In this series, 'Conservation in focus', Simon Gillespie, Director of Simon Gillespie Studio, explores the art of conservation. In each article, Simon looks in depth at a particular technique or tool that is crucial to conservators and explores the challenges – and triumphs – associated with their everyday work.
An x-ray image will sometimes give fascinating insights into what is going on underneath the visible paint layers. X-rays pass through certain materials – including most pigments – but are obstructed by others such as lead and mercury (which are used in pigments such as lead white and vermilion respectively): these will show up white on the x-ray image. Any nails in a painting's support will also appear, being made of metal. Sometimes, pentimenti (areas where the artist has changed their mind about an element of the composition) that are not visible to the naked eye can sometimes be seen in an x-ray.
The x-ray carried out on the portrait of George Villiers revealed that the ground layer (which is applied by the artist onto the panel as a preparation layer before the paint is added) had been applied with a broad brush leaving distinctive streaks. This type of imprimatura (another word for the ground layer) is characteristic of Peter Paul Rubens and therefore supported our theory that the portrait was the original lost Rubens.
X-rays can be hard to interpret, however. In the case of the Self-Portrait aged 22 from Knightshayes Court, which was brought to my studio for treatment in the hope that it might be positively attributed to Rembrandt, the x-ray evidence was disputed.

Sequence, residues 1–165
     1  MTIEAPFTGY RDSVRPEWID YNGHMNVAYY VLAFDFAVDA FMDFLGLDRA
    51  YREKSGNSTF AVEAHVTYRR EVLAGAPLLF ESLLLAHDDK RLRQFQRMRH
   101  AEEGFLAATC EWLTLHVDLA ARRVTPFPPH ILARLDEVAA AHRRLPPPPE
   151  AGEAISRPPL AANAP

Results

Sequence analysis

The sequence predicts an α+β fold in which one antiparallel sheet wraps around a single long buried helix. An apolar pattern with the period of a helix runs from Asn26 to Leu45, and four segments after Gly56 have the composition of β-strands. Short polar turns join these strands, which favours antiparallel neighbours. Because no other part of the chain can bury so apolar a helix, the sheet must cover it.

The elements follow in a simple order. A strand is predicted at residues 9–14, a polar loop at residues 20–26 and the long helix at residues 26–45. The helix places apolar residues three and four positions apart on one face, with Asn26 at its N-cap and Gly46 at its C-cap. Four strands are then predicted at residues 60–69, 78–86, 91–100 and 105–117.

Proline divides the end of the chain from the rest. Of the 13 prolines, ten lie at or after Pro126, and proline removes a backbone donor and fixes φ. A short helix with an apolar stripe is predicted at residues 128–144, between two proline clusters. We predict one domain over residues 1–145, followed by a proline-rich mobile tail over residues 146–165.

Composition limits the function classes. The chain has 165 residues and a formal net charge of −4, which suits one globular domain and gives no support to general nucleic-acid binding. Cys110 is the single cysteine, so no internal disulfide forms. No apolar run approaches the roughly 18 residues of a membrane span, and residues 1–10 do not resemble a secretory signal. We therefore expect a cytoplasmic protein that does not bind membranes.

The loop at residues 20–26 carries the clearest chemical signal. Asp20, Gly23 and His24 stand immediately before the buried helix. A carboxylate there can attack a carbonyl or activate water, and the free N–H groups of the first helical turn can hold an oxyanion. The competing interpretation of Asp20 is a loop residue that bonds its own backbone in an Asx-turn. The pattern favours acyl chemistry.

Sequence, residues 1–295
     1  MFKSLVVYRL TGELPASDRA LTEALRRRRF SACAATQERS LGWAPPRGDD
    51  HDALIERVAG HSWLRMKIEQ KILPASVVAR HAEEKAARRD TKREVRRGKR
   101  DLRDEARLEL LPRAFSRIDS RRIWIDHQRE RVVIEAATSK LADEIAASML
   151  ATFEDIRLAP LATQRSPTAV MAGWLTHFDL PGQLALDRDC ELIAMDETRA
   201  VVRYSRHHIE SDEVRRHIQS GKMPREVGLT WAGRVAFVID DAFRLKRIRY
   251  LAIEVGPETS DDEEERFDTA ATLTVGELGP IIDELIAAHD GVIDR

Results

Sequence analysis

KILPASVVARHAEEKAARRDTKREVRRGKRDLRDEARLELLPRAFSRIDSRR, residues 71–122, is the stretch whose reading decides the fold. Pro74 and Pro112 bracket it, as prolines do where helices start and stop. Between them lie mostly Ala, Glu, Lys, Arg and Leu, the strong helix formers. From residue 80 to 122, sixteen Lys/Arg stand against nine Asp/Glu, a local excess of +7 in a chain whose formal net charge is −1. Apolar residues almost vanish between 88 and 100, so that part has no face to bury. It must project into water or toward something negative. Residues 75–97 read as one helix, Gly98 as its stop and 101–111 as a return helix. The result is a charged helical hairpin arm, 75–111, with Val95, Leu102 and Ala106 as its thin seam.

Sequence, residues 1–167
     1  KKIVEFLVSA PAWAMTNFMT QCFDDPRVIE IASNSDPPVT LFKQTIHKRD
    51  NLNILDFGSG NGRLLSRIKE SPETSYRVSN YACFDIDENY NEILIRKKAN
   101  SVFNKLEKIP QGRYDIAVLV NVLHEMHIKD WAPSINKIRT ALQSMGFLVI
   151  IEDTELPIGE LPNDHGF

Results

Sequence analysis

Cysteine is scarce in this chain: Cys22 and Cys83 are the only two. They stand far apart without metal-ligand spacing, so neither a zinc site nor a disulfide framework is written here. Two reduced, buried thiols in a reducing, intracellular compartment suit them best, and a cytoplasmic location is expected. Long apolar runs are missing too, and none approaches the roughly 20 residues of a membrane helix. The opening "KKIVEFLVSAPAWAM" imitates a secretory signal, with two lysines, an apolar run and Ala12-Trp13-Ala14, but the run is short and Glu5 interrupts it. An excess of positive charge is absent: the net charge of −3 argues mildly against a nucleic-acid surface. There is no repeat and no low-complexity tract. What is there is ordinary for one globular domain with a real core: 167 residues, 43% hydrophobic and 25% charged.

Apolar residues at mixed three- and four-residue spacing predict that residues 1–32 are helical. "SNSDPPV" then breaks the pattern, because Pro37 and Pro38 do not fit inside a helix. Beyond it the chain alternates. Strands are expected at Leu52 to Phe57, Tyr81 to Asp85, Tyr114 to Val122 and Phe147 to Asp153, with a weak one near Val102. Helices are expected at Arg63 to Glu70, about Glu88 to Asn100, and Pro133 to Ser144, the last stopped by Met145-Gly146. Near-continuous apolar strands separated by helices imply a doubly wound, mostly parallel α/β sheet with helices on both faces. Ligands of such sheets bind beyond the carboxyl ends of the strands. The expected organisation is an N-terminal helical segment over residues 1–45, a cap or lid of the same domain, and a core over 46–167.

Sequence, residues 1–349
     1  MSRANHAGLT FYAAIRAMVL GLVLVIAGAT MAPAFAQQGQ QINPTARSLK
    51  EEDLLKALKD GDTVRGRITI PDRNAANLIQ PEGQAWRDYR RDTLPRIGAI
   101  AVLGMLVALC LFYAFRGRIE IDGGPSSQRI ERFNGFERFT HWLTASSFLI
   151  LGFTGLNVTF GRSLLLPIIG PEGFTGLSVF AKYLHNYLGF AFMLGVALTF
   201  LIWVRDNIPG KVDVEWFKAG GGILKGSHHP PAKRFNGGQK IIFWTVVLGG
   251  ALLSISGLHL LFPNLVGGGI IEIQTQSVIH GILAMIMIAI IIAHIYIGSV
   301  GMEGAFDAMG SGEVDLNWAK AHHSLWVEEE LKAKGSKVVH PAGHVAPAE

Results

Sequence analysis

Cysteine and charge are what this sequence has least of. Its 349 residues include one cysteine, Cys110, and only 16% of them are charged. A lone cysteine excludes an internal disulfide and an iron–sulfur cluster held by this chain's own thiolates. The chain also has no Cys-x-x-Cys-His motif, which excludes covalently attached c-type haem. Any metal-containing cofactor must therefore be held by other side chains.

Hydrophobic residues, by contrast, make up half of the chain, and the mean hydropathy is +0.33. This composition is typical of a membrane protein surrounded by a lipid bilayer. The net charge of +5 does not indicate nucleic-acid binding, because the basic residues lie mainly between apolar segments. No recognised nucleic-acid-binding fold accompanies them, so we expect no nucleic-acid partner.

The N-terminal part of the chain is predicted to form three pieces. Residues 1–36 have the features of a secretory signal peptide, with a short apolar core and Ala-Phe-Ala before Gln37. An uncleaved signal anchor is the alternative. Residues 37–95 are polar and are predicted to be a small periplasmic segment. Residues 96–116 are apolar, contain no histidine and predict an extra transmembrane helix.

It is known that Rembrandt usually painted the background in first, leaving an unpainted area called a 'reserve' for the head to be painted in afterwards. The reserve is visible in x-ray images of Rembrandt's paintings.
The version of this portrait at the Rijksmuseum is the one that has been accepted since 1959 as Rembrandt's original, and the x-ray image showed that this version has a larger reserve than the final size of the head. To the late Ernst van Wettering, then the expert on Rembrandt, this proved that the artist hadn't yet decided how to place the head: evidence of the artist working out his composition. Conversely, argued Van Wettering, in the Knighsthayes version and another version at Kassel, the reserve is the same size, which shows that the artist had already decided what size the head would be. He concluded that these two portraits are copies made after the Rijksmuseum prime version.
However, Bendor, looking at an x-ray taken of the Knightshayes Rembrandt, has shown that the area of the reserve does not closely follow the outline of the face, and therefore does suggest the artist working out his composition. Who is right? In the end, we were only able to get the painting attributed to Rembrandt's studio – better than what it was listed as originally, but not the full attribution to the artist we had hoped for. Perhaps further research in the future will change this.
Sometimes an x-ray produces an amazing surprise: when we carried out an x-ray on Virgin and Child with a Pomegranate from the National Museum of Wales, we were mostly interested in seeing the extent of any damages under the existing paint layer.
I was absolutely thrilled, when zooming in to the high-resolution image produced, to see revealed a secret kept hidden for over 500 years: underneath the paint layers was a carbon (pencil) drawing showing the profile of a man's head – a doodle almost certainly by Botticelli before the paint was applied in that area. No one had seen this doodle since Botticelli or one of his assistants painted over it 500 years ago. This is a wonderful example of how modern technology enables us to reveal aspects of a painting that are impossible to see with the naked eye and have therefore been hidden for centuries.